The magic of Borobudur

I thought I was clever going to Borobudur on Christmas day, after all, this was a Muslim country. I guess I hadn’t learned my lesson from the train from Bandung. Instead of no one being at the site, the Buddhist structure was overcrowded. I soon realized it was a holiday in Indonesia. I’m not sure if it was a hangover from colonial times or that Islam revered Jesus (Isa) as a prophet and thus the holiday.

Near the summit of Borobudur Buddhist Temple

We climbed to each monumental section of this ancient temple dating from the eighth and ninth century where friezes clung to walls, a multitude of stupas crowned the summit with statues of Buddha inside, and a vista of green surrounded us. It was a wonder like nothing I’d ever experienced before.

Not far within the stone labyrinth, I discovered my daughter thought otherwise—to her this was the dullest place. She wanted to race to the shops outside the temple selling wristbands and other trinkets. Being an expert bargainer, she haggled the price down to half and once it was agreed, she renegotiated the price still lower if she bought more than one. I have no idea where this skill came from because I detested bargaining, but I don’t think the traders could resist her childish charm.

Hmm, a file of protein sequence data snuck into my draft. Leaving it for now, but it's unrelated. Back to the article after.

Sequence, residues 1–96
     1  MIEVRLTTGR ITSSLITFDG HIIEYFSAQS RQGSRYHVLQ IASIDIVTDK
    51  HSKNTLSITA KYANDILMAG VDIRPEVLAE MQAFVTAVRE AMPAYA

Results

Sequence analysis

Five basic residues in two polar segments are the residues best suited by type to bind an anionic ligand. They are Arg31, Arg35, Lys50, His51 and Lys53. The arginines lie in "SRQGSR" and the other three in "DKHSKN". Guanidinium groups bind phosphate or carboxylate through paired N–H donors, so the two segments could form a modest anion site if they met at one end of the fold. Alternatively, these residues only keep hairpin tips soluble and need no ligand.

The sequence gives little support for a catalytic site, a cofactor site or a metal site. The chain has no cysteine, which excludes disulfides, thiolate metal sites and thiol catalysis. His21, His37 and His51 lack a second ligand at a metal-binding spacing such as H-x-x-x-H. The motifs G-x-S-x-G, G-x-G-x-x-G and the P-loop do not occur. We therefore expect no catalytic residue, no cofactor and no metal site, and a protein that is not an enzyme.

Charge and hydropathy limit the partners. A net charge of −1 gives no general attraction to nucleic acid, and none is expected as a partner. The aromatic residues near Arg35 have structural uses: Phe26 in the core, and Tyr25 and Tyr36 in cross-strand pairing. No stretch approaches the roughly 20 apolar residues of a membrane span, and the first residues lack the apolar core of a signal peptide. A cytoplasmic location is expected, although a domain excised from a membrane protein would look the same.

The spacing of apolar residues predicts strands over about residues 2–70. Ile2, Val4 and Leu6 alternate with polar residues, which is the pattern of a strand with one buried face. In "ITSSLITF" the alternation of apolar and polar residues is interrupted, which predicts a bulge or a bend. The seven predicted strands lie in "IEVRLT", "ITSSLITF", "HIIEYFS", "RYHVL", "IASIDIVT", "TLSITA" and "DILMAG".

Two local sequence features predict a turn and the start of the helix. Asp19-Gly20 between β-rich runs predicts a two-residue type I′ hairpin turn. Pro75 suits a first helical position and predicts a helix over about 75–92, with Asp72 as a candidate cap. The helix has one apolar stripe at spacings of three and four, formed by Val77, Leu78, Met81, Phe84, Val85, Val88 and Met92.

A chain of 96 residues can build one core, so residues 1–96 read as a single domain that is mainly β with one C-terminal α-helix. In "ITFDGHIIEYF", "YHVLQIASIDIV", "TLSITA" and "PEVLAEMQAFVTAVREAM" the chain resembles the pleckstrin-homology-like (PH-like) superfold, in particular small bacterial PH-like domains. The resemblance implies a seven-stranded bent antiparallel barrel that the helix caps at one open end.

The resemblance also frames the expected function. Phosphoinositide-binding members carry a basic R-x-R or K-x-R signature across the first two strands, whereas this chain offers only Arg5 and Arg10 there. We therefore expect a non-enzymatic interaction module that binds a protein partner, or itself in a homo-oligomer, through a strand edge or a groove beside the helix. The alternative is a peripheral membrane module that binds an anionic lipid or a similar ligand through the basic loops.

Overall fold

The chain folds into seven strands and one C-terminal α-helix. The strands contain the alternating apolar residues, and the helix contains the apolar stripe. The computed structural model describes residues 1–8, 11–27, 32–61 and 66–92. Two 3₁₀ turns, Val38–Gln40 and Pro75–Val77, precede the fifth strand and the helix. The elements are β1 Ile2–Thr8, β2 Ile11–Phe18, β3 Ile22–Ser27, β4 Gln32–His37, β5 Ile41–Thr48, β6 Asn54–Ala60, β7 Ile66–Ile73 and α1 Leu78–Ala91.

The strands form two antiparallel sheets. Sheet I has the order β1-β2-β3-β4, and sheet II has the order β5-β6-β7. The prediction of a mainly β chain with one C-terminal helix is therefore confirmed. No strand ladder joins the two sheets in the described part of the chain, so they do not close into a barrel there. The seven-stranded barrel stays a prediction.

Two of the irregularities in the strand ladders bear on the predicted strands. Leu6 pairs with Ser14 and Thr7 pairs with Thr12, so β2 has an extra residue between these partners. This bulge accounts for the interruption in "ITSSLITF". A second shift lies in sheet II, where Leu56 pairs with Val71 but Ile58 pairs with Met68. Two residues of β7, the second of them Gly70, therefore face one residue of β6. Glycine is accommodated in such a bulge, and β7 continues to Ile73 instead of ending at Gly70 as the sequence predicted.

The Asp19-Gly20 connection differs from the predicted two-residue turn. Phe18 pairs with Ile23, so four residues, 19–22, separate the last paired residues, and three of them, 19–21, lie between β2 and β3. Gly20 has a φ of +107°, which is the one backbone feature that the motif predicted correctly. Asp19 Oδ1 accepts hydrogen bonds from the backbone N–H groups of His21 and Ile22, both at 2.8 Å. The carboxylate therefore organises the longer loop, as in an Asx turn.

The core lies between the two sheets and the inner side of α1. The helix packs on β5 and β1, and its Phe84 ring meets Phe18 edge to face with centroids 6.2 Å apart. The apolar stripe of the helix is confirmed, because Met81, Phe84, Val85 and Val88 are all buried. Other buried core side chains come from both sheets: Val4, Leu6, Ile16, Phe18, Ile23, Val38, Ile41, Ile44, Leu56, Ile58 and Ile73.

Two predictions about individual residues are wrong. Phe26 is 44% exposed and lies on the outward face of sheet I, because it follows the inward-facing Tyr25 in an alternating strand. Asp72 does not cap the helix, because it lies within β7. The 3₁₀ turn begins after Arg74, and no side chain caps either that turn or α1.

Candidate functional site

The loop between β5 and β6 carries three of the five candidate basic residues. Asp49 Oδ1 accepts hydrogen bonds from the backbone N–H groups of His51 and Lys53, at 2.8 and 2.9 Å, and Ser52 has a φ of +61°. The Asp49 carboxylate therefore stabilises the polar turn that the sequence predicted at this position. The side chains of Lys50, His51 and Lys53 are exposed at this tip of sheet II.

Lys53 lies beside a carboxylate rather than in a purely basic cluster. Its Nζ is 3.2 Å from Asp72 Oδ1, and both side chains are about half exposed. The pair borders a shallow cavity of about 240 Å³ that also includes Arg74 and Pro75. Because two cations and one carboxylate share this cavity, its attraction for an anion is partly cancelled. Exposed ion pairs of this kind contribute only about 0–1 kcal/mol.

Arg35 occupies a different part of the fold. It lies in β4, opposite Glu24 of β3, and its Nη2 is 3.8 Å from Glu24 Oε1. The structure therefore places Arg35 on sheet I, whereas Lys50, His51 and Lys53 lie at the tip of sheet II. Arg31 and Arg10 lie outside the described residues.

3 thoughts on “The magic of Borobudur”

  1. Actually there’s at least a national holiday for each of the official religions in Indonesia. I remember you said in one of your comments in my blog that your daughter was more interested in the souvenir stalls in Borobudur. I wonder if she returns, will she see the temple differently?

    Liked by 1 person

    1. That’s interesting. I think we too should have the same holidays here since our population is so diverse.
      Although my daughter has since travelled a lot I still don’t believe she’d be that interested in revisiting Borobudur. She has different interests from me. For example, we went to Ecuador together. I was there to see the sites. She was there to improve her Spanish and did a meditation retreat for a week. It’s my middle daughter who’d be in awe of Borobudur. She’s the one I visit art galleries with, but she went with her Dad to Canada at the time I was touring Java.

      Liked by 1 person

Comments are closed.